I’ve firmly resolved not to go to the art warehouses, museums, galleries this time, I won’t be enthralled by street performers, or see the boulevards, shop windows, supermarkets, mega-stores, boutiques, bistros, restaurants, facades, people’s behavior, as modern mobile codes of the present and the future. I’ll just shop, shop, shop…
I’ve long since mastered the technique of shopping in Paris and the whole of France. I must be one of the rare Serbian women with a PhD in shopping in Grenoble! And I get along very well in Nice, Cannes, Lion, Avignon, Ex le Ban, Ensi, Honfleur, in Haute Savoye, Normandy, even in the French countryside, a la campagne… We lived and managed all alone, my husband and I, a small chateau in the En region. Covered the length and breadth of the terrifying French highways in various makes of cars. Rode in two-story trains with glass domes, local milk trains, TGV fast trains that force the passengers into their seats as if on plane. For more than a decade we had an apartment in Marais, the third arondisment of Paris, a neighborhood still architecturally veiled in the Middle Ages.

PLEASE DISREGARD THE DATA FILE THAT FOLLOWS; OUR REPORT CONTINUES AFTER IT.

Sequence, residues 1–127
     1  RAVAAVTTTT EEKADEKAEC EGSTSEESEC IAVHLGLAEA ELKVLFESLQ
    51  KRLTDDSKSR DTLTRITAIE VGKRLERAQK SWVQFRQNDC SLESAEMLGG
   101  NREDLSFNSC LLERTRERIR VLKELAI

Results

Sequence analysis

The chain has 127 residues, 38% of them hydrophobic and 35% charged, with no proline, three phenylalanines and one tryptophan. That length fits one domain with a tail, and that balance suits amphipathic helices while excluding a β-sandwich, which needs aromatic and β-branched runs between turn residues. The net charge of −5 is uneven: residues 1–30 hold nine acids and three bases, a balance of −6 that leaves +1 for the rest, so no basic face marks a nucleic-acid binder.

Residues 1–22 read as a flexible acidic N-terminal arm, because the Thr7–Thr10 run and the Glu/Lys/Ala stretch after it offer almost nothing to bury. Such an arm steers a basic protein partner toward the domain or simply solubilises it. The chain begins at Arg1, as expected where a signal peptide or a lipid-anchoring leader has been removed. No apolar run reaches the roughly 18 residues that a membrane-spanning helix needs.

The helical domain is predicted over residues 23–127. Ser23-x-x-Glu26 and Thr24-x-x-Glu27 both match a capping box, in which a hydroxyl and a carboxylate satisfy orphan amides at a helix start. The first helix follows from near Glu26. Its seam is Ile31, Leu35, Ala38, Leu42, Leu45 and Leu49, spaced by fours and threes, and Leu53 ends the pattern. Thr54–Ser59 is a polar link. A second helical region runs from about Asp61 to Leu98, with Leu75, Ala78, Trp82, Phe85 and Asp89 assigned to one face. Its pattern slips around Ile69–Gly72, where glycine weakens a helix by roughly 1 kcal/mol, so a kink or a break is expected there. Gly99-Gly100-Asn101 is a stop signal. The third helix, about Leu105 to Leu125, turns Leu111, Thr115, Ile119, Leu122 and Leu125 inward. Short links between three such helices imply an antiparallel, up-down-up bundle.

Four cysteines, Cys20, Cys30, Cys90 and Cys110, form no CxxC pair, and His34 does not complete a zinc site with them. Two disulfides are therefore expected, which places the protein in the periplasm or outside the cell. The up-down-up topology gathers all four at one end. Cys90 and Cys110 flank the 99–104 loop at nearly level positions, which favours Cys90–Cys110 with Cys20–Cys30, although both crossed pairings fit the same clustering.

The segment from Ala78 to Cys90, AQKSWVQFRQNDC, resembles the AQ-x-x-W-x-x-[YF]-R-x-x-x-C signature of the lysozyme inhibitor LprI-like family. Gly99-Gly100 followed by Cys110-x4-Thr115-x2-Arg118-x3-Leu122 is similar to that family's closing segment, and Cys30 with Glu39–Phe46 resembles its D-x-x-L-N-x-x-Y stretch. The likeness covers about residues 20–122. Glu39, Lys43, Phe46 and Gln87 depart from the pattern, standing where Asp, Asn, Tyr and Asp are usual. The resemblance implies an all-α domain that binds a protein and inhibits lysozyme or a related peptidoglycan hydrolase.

But it was different before the digital era…
New eras never begin with a zero as a temporal fact. They begin slightly before, or slightly after. New eras don’t begin with hundreds, but with thousands. New eras begin globally as much as individually. For some people new eras never begin. For most they begin after they’ve already taken place. For me the third millennium began in 2006. Maybe even that very November in Paris.